We were sitting around the dinner table the other day when a friend said --- several times --- "I just can't believe 1991 was 20 years ago."
"And that 1971 was 40 years ago," I could have added, but don't think I did. Time sure flies --- whether you're having fun or not.
Next month will be the 42nd anniversary of the Stonewall uprising, an event I didn't notice at the time --- nor did many other people --- even though I was actually on the East Coast then, stationed at Fort Holabird in Baltimore when the rising commenced on June 28, 1969, in New York City's Greenwich Village.
That was a heck of a long time ago, youngsters would say; not long at all, those of us no longer youngsters would counter.
Although little noted then among the general public, the rising at the Stonewall Inn, a bar, initiated the rise of the gay rights/gay pride movement around the world.
The fact same-sex marriage now is legal in Iowa can be traced to it; the holy wars over marriage we've been treated to in Iowa and elsewhere lately continue to reflect its power. And LGBT people around the world will mark its significance during the anniversary month with PrideFests large and small. PrideFest in Des Moines will be held June 10-13; similar events will be held in Cedar Rapids, Iowa City, the Quad Cities and elsewhere during the same period. There even will be a Gay Day at Adventureland. Who would have thunk it?
So it's a good time to watch the 2010 documentary "Stonewall Uprising," which aired during late April on PBS's "American Experience." Those of us who are LGBTQ need to remember where we came from. Wouldn't hurt those who wish we still were there to watch it either. A brief introduction to context would allow those who hanker for the good old bad old days to at least sound a little bit better informed.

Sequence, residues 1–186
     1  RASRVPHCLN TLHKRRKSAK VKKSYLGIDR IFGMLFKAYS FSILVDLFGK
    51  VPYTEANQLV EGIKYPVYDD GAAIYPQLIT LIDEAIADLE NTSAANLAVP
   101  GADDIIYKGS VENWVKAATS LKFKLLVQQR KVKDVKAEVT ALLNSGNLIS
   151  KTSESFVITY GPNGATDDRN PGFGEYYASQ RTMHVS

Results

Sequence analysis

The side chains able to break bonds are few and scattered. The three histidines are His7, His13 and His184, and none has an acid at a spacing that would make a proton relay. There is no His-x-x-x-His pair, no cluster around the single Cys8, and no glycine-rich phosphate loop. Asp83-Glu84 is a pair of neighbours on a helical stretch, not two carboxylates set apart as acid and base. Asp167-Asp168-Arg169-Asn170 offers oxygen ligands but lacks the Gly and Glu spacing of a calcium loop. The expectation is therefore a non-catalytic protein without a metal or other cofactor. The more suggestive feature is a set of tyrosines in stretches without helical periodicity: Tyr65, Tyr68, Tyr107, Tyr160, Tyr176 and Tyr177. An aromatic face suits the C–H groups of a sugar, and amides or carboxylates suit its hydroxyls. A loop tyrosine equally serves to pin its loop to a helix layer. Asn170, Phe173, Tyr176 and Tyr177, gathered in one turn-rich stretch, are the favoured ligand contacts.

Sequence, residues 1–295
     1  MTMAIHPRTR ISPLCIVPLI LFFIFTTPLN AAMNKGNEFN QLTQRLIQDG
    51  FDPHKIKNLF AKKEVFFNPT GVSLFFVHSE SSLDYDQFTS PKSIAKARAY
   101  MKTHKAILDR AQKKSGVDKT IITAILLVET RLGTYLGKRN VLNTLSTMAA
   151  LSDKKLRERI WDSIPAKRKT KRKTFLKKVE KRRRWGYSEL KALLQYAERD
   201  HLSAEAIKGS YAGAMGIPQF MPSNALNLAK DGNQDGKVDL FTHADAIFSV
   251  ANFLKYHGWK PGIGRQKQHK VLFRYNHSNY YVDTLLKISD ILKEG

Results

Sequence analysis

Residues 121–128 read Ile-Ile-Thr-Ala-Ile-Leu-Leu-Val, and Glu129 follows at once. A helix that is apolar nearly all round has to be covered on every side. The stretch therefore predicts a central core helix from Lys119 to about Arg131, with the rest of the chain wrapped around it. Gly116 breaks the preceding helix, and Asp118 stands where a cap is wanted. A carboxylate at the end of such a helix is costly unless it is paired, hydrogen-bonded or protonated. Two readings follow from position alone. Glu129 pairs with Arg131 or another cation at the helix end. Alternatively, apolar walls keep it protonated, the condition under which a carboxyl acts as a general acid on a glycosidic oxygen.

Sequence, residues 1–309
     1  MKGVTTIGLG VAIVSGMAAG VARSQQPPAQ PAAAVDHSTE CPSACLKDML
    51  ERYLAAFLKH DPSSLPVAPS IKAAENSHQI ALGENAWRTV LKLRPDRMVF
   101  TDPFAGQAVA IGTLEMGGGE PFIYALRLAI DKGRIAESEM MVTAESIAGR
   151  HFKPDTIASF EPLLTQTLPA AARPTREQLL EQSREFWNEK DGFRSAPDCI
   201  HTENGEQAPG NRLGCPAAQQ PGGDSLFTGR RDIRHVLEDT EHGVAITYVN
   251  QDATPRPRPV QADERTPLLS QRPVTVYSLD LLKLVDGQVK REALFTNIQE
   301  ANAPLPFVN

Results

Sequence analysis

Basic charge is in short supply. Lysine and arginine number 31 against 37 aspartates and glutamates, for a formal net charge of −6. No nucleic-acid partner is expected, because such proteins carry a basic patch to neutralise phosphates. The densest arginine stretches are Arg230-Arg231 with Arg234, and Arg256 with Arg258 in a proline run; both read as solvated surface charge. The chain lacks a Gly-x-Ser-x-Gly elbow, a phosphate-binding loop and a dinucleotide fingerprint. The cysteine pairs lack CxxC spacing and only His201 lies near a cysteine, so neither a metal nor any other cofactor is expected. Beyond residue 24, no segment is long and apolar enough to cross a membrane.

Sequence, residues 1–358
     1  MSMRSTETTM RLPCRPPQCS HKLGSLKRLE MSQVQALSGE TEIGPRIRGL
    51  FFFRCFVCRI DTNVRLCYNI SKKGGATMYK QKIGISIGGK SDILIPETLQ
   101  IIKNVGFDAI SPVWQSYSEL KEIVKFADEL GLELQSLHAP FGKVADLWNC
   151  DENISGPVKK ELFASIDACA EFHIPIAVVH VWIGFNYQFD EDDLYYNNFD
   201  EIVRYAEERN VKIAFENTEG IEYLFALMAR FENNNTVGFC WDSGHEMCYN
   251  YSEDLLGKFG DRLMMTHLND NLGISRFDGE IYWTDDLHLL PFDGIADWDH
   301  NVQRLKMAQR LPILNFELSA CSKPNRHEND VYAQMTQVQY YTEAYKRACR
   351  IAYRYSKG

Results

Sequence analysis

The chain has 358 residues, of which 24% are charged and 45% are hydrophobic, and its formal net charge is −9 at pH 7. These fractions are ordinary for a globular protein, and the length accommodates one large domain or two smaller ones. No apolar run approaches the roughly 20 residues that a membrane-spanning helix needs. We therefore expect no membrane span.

You can still watch it online for now at least by going to the "American Experience" Web site, which is here. The film also is available on DVD.
The Stonewall rising grew out of the cultural context people of my age grew up in --- when homophobia was culturally and religiously enshrined as well as government sponsored, as some uncomfortable with uppity minorities of any sort wish it still were.
Gay people had begun to gather in urban areas like New York City after World War I, and that movement accekerated after World War II as increasing numbers of young men and women discovered during their service that there were many others like them and chose to stay in cities and not to return to heterosexual bucolia.
Blacks had their churches to sustain them during times of trial, but gay people didn't. The Rev. Troy Perry founded the Metropolitan Community Church in Los Angeles during 1968, but that was the first --- and for years thereafter --- the only gay-affirming ministry out there.
So bars became the focal points in many instances for LGBT people, strong drink and sex alternate sacraments.
One of those bars was the Stonewall Inn, a Mafia-run watering hole in Greenwich Village, subject to reguar raids by New York police. During one of those raids, on June 28, 1969, Stonewall patrons --- drag queens, hustlers, regular guys and gals --- just declined to cooperate and cornered the cops. In the days that followed, thousands gathered in the neighbrhood to protest and in doing so effectively broke the back of officially-sanctioned persecution in that city.
These sometimes are called the Stonewall "riots," but few were injured, no one was killed and property damage was minimal so "uprising" probably is the more accurate descriptor.
The power of the event was more in the example it set for gay people rather than it's actual physical impact. In New York during the months immediately following, gay activist organizations were formed, newspapers promoting rights for gay men and lesbians were founded, pro-gay organizing spread across the United States and the world, and on June 28, 1970, the first gay pride marches were held in Los Angeles, Chicago and New York. Those worldwide parades now involve millions.
Who'd have thought such a seemingly insignificant even could have such power. God sure does move in mysterios ways some days.